Kobe, Buss hold L.A.'s winning hand
LOS ANGELES -- There's nothing wrong with claiming that Kobe Bryant lifted a certain NBA franchise and then dropped it on its head.
Just make sure to get the name of the franchise right. Lakers? Wrong. Try the other team in town.
Apparently those suffering withdrawal from the Shaq-Phil-Kobe soap opera days hoped to get a drama fix off suggesting the Clippers might actually be better than the Lakers, despite finishing as a runner-up in last summer's Kobe Sweepstakes. Or that Bryant actually erred by choosing to stay with the purple and gold. (When concocting goofy theories, it's essential to have more than one. That way, you can switch back and forth and avoid having to swallow that one misguided theory.)
In any case, the dramatists must return to the drawing board after the Lakers' 103-89 win Wednesday night in the first regular-season game between the two franchises since they battled for ol' Crazy Eight's free-agent signature.
"I never heard anyone say they were better than us, but I guess we answered that question," said Lakers swingman Caron Butler.
As Bryant demonstrated Wednesday night at the Staples Center, there's no substitute for a superstar who knows precisely what it takes to win meaningful games. While Kobe finished with 23 points, 11 assists and six rebounds, all you needed to know came in the final minute of the first quarter -- Kobe drove the lane and kicked the ball to the left corner for Luke Walton to bury a wide-open 3 and then stopped an attempted buzzer-beating answer by Quinton Ross at the other end. All of which produced a 29-24 cushion for the Lakers going into the second quarter.
That's the way good players close periods -- and the way good teams win.
"With us having one of the best players to ever play the game, it's just crazy to count us out," said Butler. "Every night you're going to see double teams on Kobe and that's going to give the rest of us time and open looks."
The Clippers don't have a player right now capable of doing any of that consistently -- but not too long ago, they had reason to believe they might.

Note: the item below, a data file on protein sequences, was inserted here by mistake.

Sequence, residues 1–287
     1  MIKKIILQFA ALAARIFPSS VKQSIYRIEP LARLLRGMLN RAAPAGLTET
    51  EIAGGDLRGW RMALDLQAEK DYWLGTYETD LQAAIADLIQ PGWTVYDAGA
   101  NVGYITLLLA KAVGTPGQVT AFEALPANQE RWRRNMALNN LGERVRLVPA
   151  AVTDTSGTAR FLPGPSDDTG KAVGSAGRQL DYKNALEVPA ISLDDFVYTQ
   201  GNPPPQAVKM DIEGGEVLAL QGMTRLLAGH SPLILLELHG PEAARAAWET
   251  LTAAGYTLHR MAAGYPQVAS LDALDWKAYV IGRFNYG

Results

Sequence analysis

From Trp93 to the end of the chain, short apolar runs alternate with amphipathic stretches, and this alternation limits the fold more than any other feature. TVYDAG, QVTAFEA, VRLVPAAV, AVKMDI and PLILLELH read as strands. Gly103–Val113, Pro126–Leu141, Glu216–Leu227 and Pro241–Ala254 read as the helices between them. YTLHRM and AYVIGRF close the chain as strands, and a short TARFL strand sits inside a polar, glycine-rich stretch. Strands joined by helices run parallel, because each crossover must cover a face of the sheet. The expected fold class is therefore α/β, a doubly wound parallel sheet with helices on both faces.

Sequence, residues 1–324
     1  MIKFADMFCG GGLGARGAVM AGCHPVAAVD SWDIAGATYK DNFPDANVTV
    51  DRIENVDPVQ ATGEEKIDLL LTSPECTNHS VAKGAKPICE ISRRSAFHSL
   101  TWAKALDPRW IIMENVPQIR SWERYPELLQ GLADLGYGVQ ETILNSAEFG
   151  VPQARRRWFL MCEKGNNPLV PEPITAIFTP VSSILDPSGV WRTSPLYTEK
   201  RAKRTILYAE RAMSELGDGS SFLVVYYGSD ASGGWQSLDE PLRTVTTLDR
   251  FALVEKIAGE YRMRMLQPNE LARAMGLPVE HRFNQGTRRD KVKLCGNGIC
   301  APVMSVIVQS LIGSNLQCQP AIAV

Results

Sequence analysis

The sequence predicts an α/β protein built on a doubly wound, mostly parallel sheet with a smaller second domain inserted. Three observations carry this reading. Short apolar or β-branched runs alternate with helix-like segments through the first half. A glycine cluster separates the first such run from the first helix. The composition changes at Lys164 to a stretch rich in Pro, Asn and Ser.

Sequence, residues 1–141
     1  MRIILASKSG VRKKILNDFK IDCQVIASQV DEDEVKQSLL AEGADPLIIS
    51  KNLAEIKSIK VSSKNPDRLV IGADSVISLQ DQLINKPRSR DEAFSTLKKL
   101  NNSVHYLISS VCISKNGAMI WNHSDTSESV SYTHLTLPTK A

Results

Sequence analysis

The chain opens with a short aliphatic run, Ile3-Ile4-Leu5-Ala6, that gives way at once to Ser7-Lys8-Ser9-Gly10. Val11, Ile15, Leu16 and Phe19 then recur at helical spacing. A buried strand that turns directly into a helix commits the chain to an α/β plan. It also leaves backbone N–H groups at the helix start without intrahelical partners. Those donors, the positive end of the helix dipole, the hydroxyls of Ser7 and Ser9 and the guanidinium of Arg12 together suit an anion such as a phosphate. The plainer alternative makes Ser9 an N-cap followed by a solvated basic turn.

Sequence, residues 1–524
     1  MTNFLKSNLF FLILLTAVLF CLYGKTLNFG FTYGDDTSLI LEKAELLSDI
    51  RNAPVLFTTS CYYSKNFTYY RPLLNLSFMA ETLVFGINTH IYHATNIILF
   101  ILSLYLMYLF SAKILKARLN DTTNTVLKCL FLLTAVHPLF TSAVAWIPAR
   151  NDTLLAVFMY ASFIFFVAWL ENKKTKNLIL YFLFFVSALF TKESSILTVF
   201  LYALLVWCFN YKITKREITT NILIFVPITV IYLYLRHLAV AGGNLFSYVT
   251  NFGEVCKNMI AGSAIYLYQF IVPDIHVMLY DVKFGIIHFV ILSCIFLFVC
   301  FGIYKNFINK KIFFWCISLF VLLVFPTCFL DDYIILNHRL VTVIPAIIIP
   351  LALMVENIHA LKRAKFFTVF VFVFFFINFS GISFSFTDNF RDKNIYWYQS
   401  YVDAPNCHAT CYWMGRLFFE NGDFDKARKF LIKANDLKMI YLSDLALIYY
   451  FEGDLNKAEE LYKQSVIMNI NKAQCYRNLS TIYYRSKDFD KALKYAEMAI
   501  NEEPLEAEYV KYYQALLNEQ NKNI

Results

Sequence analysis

When Bryant said, "I want to be a Clipper," in a Newport Beach Four Seasons Hotel with GM Elgin Baylor, coach Mike Dunleavy, team president Andy Roeser and Bryant's agent, Rob Pelinka, as witnesses, he promised instant legitimacy in the only form owner Donald Sterling would pay top dollar to purchase -- that form being a superstar with an impeccable work ethic, several championships on his resume and at an age that suggests he has several more in him. (And you can have whatever opinion you want of Kobe -- that's how decision-makers throughout the NBA view him.)
Bryant made his declaration without a hint of sarcasm or a wry smile, and without being anywhere near April Fool's Day. It wasn't, "I'm going to be a Clipper," but it was close. There's nothing Bryant enjoys more than defying conventional wisdom, and a superstar free agent agreeing to join the Clips would certainly qualify. He also has an exquisite sense of timing, and no Clips team in recent memory has had the talent and versatility this one has.
Of course, the Lakers could offer him, thanks to league rules, a contract worth $30 million more than the Clippers could.
"Doesn't matter," Bryant said.
So, for 10 glorious days the Clippers had reason to let their imaginations run wild -- about the tickets they'd sell, the games they'd win, the respect they'd earn.
They dreamed the dream right up until Bryant called to say he wanted to talk one last time to the Lakers before making his decision.
"That's when I knew there was a chance he'd changed his mind," said Baylor.
Which he did. Whether it was out of gratitude for the Lakers sticking by him through his Colorado ordeal or his accountant giving him 30 million noogies or some undisclosed perk only Lakers owner Jerry Buss could offer (your turn to let the imagination run wild) doesn't matter. Bryant chose the Lakers, thereby scotching any notion that the Clippers will supplant them as the best team in town anytime soon.
That's not merely because of Bryant, either. In Butler, Brian Grant, Lamar Odom and Chucky Atkins, the Lakers have four starters on teams that have won at least one playoff series. The Clippers, for all of their promising talent, have collectively seen exactly one hour, 10 minutes of playoff action (Mikki Moore logged 42 playoff minutes for the three-and-out Pistons four years ago, and Rick Brunson has 28 minutes in his back pocket). Discount the value of knowing what it takes to win and having performed under pressure at your own risk. Me, I'm going with the guys who have been there and lived to tell about it.
As for the Clippers surpassing the Lakers anytime later ... well, it depends on how much later. The first problem is Sterling, who -- despite my proclamations for Livingston, the nice pieces Baylor has assembled and the sound principles Dunleavy is instilling -- has never shown much patience if it meant having to pay while he waits. Besides, as long as Buss hasn't paid the cover for the celestial Skybar, I have to believe he'll maintain his track record and put the requisite pieces around Kobe to chase another title. If there was a reason to believe otherwise, it wasn't this season's first two weeks. It was those 10 days back in July, when Kobe opened his arms to the Clippers -- and then crushed them.
Ric Bucher covers the NBA for ESPN The Magazine and collaborated with Rockets center Yao Ming on "Yao: A Life In Two Worlds," published by Miramax and available in bookstores beginning Sept. 29. Click here to send him a question for possible use on ESPNEWS.
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